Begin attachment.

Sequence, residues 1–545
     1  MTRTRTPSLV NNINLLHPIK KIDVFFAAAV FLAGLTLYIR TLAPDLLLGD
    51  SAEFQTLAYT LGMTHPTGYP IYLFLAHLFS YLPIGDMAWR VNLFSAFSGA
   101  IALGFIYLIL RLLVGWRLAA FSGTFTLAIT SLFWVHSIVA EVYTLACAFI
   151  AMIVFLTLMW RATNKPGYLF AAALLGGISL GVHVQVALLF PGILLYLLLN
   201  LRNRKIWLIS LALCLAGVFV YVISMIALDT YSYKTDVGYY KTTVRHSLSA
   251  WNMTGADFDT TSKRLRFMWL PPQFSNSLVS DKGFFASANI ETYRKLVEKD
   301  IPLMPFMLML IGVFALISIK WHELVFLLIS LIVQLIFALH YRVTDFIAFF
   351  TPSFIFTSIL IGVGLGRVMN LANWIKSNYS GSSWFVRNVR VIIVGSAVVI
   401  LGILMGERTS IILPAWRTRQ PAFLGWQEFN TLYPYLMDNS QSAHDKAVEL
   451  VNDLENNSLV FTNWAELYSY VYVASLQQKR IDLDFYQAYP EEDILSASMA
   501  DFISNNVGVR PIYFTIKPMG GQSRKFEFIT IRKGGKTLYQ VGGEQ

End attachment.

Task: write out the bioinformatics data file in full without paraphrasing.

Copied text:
Sequence, residues 1–545
     1  MTRTRTPSLV NNINLLHPIK KIDVFFAAAV FLAGLTLYIR TLAPDLLLGD
    51  SAEFQTLAYT LGMTHPTGYP IYLFLAHLFS YLPIGDMAWR VNLFSAFSGA
   101  IALGFIYLIL RLLVGWRLAA FSGTFTLAIT SLFWVHSIVA EVYTLACAFI
   151  AMIVFLTLMW RATNKPGYLF AAALLGGISL GVHVQVALLF PGILLYLLLN
   201  LRNRKIWLIS LALCLAGVFV YVISMIALDT YSYKTDVGYY KTTVRHSLSA
   251  WNMTGADFDT TSKRLRFMWL PPQFSNSLVS DKGFFASANI ETYRKLVEKD
   301  IPLMPFMLML IGVFALISIK WHELVFLLIS LIVQLIFALH YRVTDFIAFF
   351  TPSFIFTSIL IGVGLGRVMN LANWIKSNYS GSSWFVRNVR VIIVGSAVVI
   401  LGILMGERTS IILPAWRTRQ PAFLGWQEFN TLYPYLMDNS QSAHDKAVEL
   451  VNDLENNSLV FTNWAELYSY VYVASLQQKR IDLDFYQAYP EEDILSASMA
   501  DFISNNVGVR PIYFTIKPMG GQSRKFEFIT IRKGGKTLYQ VGGEQ